Costumes for "The Marriage of Figaro" have been designed by Margaret Wenk of the Division of Performing Arts Production Unit. Lighting is by Laurel Shoemaker. Choreography has been provided by former Milwaukee Ballet artistic director Basil Thompson of the UI dance department. Stage setting is courtesy of the Virginia Opera, Norfolk, Va., by set designer Peter Dean Beck.

Stunkel was appointed director of UI Opera Theater in the fall of 1999. She has directed for many American opera companies, including Sacramento Opera, Tulsa Opera, Opera Theater of St. Louis, Skylight Opera, the Aspen Music Festival, Kentucky Opera and Four Corners Opera. She has more than 70 productions to her credit, including straight theater as well as opera. She headed the opera programs at the former St. Louis Conservatory of Music, the University of Tennessee and the University of the Pacific in California.

Stunkel has performed both as an opera singer, performing with the Colorado Springs Opera, Skylight Opera and Baltimore Opera, and as an actor in spoken plays, having recently portrayed Amanda in "The Glass Menagerie" and Eleanor of Aquitaine in "The Lion in Winter." With more than 15 years of dance training, she has also choreographed several productions.

Stunkel has taught in the apprentice programs at the Des Moines Metro Opera, the Banff Center in Alberta, Canada, and the Aspen Music Festival. She was a co-founder/director/writer for The Opera Parade and Kinderopera, two touring educational opera companies for children in Maryland.

A UI music alumnus, Jones joined the faculty of the School of Music in 1997 as director of the University Symphony and director of orchestral studies. Prior to joining the UI faculty, Jones was the founding music director/administrator of the internationally recognized Greater Twin Cities Youth Symphonies of Minneapolis and St. Paul, Minn.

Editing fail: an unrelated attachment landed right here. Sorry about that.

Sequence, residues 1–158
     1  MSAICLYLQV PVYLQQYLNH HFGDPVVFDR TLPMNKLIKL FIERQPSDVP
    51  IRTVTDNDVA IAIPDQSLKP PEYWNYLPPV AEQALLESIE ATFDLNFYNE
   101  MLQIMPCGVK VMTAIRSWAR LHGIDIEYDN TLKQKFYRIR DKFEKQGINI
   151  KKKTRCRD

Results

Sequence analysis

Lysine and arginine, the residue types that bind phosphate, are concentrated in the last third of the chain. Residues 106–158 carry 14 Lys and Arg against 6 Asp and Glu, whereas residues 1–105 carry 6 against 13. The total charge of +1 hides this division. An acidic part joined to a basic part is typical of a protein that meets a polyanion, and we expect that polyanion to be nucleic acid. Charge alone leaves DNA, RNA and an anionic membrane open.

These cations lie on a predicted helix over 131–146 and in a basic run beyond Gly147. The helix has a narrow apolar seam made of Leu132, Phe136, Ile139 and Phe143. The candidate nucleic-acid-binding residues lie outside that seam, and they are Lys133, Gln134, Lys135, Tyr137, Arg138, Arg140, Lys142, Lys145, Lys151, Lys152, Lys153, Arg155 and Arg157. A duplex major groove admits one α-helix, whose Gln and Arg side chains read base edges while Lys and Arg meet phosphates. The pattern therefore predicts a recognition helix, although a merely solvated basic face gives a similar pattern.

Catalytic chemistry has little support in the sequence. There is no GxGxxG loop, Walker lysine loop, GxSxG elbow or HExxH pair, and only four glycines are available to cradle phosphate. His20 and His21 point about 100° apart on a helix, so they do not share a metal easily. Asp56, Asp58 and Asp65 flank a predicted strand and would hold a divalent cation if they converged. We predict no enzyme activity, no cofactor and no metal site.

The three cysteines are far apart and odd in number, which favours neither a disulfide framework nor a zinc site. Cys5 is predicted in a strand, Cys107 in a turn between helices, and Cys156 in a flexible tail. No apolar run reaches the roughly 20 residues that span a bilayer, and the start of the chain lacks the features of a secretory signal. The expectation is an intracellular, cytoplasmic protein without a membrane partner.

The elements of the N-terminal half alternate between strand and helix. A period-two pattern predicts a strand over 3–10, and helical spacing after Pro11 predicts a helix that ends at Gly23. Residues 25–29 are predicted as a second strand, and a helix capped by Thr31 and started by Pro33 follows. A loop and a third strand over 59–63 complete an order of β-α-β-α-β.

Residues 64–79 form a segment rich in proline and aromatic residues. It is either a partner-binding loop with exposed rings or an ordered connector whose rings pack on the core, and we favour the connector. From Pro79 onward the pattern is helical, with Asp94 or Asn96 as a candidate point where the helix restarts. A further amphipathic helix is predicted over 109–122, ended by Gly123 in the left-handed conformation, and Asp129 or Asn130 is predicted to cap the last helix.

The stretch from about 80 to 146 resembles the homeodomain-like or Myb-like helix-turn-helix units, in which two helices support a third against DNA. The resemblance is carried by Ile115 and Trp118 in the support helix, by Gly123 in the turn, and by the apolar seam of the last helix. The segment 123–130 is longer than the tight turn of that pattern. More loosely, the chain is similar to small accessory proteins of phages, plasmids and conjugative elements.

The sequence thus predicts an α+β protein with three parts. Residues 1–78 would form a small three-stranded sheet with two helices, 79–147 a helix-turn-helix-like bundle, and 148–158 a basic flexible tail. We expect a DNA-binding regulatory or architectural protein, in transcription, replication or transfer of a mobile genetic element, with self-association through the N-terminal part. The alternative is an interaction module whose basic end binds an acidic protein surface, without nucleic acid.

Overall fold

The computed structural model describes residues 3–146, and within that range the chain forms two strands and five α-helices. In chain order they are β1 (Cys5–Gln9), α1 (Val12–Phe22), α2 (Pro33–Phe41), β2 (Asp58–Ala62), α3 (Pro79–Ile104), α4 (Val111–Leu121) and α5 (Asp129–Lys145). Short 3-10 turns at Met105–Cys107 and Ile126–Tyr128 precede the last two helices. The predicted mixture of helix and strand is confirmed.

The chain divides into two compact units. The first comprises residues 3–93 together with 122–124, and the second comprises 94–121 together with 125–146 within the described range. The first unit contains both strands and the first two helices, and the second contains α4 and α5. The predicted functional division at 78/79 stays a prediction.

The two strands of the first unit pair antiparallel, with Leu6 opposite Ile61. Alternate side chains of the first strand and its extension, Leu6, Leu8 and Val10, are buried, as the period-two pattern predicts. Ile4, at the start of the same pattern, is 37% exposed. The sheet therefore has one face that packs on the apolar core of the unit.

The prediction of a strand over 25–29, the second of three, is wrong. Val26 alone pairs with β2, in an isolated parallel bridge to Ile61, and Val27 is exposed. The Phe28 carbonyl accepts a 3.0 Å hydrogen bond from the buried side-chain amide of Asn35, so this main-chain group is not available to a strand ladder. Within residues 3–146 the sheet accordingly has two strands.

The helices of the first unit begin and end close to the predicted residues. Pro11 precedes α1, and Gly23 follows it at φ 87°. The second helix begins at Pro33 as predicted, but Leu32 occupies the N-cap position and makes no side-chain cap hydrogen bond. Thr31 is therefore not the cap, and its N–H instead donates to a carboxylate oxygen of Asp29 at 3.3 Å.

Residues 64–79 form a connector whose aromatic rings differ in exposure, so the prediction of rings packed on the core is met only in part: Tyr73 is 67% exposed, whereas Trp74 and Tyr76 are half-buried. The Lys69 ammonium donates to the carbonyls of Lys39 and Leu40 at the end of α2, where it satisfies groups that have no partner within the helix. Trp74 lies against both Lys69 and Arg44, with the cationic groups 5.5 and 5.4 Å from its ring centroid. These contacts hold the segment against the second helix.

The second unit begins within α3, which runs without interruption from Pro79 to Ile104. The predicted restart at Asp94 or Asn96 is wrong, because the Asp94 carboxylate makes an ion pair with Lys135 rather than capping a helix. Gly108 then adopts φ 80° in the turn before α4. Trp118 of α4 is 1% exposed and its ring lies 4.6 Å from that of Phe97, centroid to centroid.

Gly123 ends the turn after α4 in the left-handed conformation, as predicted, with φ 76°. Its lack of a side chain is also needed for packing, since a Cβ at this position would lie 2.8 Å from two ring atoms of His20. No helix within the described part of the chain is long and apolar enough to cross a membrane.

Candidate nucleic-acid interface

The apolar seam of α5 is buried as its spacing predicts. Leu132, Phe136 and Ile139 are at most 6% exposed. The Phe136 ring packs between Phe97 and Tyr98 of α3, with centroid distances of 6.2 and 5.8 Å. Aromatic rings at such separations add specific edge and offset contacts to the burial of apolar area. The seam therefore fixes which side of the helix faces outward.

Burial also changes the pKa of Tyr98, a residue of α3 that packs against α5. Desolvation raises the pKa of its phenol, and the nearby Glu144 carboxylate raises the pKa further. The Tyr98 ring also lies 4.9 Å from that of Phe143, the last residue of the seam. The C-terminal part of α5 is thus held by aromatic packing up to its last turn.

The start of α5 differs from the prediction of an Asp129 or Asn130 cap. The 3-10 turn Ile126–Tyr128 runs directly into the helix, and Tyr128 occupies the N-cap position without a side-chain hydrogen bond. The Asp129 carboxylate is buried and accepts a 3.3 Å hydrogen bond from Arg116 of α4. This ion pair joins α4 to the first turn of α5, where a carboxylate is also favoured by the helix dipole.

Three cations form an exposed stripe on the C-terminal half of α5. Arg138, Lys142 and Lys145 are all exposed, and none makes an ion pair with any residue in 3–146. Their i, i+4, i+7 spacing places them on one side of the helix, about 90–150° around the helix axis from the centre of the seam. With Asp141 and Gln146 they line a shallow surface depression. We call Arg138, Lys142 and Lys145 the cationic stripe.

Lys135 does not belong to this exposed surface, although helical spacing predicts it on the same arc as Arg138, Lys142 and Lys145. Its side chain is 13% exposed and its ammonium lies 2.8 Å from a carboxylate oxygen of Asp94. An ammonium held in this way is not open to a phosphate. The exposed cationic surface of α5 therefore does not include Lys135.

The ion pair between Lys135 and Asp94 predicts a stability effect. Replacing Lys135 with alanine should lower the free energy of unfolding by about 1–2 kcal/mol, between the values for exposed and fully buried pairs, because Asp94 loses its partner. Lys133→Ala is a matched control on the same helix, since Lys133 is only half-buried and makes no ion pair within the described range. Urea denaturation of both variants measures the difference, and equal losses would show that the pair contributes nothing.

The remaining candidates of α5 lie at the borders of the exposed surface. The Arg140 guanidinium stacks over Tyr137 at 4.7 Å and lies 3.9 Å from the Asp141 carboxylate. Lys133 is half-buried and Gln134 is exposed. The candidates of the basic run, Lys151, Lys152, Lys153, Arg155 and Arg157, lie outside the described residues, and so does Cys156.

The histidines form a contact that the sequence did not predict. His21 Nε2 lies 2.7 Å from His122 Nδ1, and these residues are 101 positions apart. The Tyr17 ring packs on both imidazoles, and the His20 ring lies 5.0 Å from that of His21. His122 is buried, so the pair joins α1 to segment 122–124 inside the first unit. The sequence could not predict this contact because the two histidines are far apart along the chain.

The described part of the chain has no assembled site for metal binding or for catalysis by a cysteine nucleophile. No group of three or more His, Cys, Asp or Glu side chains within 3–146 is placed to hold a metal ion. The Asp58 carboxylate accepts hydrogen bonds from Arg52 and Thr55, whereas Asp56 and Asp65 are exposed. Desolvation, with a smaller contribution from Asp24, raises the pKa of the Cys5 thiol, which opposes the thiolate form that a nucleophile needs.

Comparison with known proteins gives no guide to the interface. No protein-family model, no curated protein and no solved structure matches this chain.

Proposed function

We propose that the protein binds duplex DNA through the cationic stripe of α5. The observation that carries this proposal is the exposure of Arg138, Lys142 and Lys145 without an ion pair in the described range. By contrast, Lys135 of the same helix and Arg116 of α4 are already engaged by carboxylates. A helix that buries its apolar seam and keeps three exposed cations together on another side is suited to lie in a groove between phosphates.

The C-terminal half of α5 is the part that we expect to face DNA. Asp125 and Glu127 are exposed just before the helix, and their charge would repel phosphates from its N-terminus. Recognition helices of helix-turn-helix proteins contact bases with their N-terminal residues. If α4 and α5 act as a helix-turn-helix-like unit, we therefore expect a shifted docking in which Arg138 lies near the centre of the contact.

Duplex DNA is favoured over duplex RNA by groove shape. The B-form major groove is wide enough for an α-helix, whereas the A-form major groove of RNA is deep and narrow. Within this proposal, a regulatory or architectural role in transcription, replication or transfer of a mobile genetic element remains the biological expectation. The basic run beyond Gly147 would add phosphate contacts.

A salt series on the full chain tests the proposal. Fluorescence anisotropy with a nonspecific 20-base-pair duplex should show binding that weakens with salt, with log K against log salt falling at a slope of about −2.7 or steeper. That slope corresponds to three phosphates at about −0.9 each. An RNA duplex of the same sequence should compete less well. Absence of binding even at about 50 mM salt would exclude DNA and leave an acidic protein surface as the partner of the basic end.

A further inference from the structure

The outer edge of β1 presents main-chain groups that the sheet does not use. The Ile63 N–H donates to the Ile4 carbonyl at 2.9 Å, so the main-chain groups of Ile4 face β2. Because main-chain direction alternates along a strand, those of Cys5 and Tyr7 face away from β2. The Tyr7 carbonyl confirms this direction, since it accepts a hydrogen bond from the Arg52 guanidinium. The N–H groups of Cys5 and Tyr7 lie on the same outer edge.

Jones is a highly honored musician, having received the Twin Cities Mayors' Public Art Award, the American String Teachers Association Exceptional Leadership and Merit Award and the David W. Preuss Leadership Award. He has also been selected Musician of the Year by Sigma Alpha Iota , a music honorary society.

Jones has appeared as a guest conductor with the Minnesota Orchestra, the St. Paul Chamber Orchestra, the Sinfonie Orchester AML-Luzern (Switzerland) and other orchestras around the world. He has conducted all-state and festival orchestras in 46 states and five Canadian provinces. He has been conductor-in-residence at the North Carolina School of the Arts and the University of Miami (Fla.).

Tickets for "The Marriage of Figaro" are $18, $15 and $12 ($14, $11 and $8 for UI students, youth and seniors). They may be purchased from the Hancher Auditorium box office.

Hancher Auditorium box office business hours are 10 a.m.-5:30 p.m. weekdays and 11 a.m.-3 p.m. Saturdays. From the local calling area, dial (319) 335-1160. Long distance is toll-free, 1-800-HANCHER. Fax to (319) 353-2284. People with special needs for access, seating and auxiliary services should dial (319) 335-1158, which is equipped with TDD for people with hearing impairment who use that technology.

Tickets may be ordered on-line 24 hours a day, seven days a week through Hancher's website:< >.

Orders may be charged to VISA, MasterCard or American Express. UI students may charge their purchases to their university bills, and UI faculty and staff may select the option of payroll deduction. Information and brochures may be requested by e-mail: <>.

The School of Music is part of the Division of Performing Arts in the UI College of Liberal Arts and Sciences.

The School of Music and the Martha-Ellen Tye Opera Theater are part of the Division of Performing Arts in the UI College of Liberal Arts. The production of "The Marriage of Figaro" is supported in part by a gift from the Martha-Ellen Tye Foundation, through the University of Iowa Foundation.

For information on UI arts events, visit on the World Wide Web. You may visit the UI School of Music web site at The Old Gold Singers have their own web page at To receive UI arts news by e-mail, contact <>.